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Proactive Maintenance - A type of condition-based maintenance emphasizing the routine detection and correction of root cause conditions that would otherwise lead to failure. Such root causes as high lubricant contamination, alignment and balance are among the most critical.
Predictive Maintenance - A type of condition-based maintenance emphasizing early prediction of failure using non-destructive techniques such as vibration analysis, thermography and wear debris analysis.
The efficient operation of industrial machinery hinges on two critical maintenance strategies: proactive maintenance and predictive maintenance. While both approaches fall under the broader umbrella of condition-based maintenance, their methodologies and impacts are distinct and complementary.
This article aims to demystify these concepts, clearly understanding how each strategy functions, their significance in the maintenance realm, and how they collectively represent a robust defense against machine failures and operational inefficiencies. We offer insights into optimizing maintenance practices for enhanced machine longevity and reliability by exploring their roles, benefits, and challenges.
In the daily life of a typical lubricated machine, there can exist subtle wear that quietly mounts, unbeknownst to operators and maintenance teams. At the beginning of this failure mode, the Failure Inception (I) is practically imperceivable. But as it continues and the wear gradually progresses, the symptoms become measurable, and the point of Failure Detection (P) is reached.
With the right strategy that includes frequency condition monitoring, the closer failure detection is to failure inception. This is a crucial objective of predictive maintenance — to detect the signs of failure as early as possible.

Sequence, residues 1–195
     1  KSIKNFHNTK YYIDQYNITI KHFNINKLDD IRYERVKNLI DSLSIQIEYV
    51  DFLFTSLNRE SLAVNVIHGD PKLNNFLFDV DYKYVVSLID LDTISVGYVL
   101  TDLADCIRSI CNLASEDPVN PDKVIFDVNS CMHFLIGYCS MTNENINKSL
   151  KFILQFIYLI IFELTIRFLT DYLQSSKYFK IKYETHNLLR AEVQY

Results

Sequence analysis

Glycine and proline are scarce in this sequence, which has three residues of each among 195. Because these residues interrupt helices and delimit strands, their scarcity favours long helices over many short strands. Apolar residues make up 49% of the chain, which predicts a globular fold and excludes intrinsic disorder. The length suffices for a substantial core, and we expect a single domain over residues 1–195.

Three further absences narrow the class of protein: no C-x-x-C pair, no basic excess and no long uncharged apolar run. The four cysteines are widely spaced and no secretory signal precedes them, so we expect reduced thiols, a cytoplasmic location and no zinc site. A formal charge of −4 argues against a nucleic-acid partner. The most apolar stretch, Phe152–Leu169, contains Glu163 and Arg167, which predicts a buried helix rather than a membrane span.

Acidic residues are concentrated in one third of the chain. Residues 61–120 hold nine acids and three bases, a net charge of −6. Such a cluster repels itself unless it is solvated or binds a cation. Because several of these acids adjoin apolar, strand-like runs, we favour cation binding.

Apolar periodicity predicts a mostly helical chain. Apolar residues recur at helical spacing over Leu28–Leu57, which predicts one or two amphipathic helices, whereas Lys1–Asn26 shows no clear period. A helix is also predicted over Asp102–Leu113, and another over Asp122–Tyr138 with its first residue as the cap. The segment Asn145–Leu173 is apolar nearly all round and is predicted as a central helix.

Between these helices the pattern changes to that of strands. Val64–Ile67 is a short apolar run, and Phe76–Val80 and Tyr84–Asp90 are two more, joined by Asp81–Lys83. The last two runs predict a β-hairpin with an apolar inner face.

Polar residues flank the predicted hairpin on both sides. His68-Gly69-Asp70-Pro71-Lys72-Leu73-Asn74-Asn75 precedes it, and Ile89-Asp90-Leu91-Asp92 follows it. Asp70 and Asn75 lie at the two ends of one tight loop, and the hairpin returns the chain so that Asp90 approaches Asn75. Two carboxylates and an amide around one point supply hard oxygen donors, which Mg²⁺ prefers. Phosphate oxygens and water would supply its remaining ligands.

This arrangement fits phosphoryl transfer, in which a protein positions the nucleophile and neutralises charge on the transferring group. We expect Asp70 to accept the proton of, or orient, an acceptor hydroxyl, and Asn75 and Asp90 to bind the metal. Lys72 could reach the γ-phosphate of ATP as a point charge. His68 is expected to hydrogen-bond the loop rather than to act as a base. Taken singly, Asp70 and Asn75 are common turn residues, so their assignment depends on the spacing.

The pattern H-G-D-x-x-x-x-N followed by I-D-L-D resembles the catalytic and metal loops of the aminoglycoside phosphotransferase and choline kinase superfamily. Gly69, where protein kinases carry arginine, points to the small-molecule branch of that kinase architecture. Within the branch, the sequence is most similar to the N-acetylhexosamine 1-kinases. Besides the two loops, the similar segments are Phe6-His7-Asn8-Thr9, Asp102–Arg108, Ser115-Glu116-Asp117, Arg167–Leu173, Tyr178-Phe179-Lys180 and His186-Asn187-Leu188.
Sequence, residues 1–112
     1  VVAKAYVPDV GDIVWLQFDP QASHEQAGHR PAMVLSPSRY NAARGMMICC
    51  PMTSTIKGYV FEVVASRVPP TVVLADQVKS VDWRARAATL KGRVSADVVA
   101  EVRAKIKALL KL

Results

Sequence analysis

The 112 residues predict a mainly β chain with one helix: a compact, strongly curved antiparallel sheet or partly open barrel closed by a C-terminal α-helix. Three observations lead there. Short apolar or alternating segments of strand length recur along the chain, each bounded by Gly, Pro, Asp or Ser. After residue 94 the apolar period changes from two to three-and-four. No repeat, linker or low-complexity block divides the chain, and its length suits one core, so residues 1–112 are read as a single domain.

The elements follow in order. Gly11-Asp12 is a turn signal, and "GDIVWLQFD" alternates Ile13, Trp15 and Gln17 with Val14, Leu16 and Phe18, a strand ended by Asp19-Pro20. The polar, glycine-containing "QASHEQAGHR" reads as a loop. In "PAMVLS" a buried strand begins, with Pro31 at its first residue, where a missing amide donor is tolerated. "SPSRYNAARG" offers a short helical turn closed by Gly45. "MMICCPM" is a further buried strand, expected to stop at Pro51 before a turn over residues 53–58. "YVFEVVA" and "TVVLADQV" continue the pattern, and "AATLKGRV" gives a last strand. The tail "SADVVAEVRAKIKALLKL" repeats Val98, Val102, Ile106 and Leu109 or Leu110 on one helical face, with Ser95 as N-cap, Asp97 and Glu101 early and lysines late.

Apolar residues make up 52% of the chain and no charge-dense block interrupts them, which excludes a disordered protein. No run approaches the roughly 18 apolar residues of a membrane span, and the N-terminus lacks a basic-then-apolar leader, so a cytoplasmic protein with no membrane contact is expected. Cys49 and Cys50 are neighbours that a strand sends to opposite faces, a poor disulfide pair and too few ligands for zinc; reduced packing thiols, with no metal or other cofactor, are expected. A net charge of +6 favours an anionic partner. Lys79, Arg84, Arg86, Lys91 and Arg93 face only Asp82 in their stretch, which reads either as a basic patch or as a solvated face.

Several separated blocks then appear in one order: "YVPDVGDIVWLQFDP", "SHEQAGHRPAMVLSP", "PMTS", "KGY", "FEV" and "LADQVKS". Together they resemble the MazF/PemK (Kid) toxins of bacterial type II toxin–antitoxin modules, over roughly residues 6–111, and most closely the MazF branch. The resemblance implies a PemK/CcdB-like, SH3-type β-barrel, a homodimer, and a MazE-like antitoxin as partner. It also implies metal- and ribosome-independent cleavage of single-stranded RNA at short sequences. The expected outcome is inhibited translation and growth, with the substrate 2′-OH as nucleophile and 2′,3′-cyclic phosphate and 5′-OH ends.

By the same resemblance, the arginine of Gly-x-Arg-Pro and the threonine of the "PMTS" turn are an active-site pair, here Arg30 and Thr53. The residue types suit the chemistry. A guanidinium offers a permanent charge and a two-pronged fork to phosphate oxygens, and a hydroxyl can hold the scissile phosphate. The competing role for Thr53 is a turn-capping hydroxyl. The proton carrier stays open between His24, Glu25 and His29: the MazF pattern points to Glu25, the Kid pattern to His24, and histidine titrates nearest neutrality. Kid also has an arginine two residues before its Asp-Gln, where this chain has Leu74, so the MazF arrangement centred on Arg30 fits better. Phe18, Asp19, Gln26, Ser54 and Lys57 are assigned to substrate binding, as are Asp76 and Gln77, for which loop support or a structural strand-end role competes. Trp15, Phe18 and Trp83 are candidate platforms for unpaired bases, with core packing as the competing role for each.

Although, if failure is not properly detected, eventually the machine will experience enough wear and tear that it cannot perform work anymore, and the Functional Failure (F) point is reached, along with impact on production. The lack of detection could be due to a number of reasons, but most often due to infrequent monitoring, improper tools or lack of proper training. When gone unchecked, this is then followed by a Catastrophic Failure (Death), whereby the machine can seize up and produce collateral damage along the way.
The stages being described here are illustrated by the P-F Curve in the figure below. Traditionally, the P-F curve gets its namesake from monitoring conditions association to known failure modes between the detection of failure (P) and functional failure (F). Prediction of failure with early detection requires the right predictive maintenance strategy. Each failure mode may have a short or long P-F curve.
As the curve dips from left to right, the machine performance (y-axis) is negatively impacted. Machine failure gets more severe as time progresses (x-axis) and the symptoms of the machine failure are more easily detectable. But while this increased detection sounds like a good thing, unfortunately, this coincides with impending downtime and increased costs, as the damage is irreparable.
All machine failure is a consequence of the actions which preceded it. In other words, it’s what we do or don’t do in maintenance and operations that ultimately leads to the Failure Inception. This is where machine reliability is put to the test. De we rely on the robustness of the machine, or do we carefully set up our machines for success? Are we really doing what we can to delay the onset of failure as long as possible, at least to the point where the costs justify it?
The verdict from decades of studies from user groups, OEMs and research institutes on the most common reasons why bearings and other machine components fail, there is consensus that poor lubrication and insufficient contamination control are at the top of the list of root causes. Their introduction is marked by the point Root Cause Inception (R). The gap between the Root Cause Inception and the Failure Inception is a factor of root cause severity, component sensitivity and gestation time.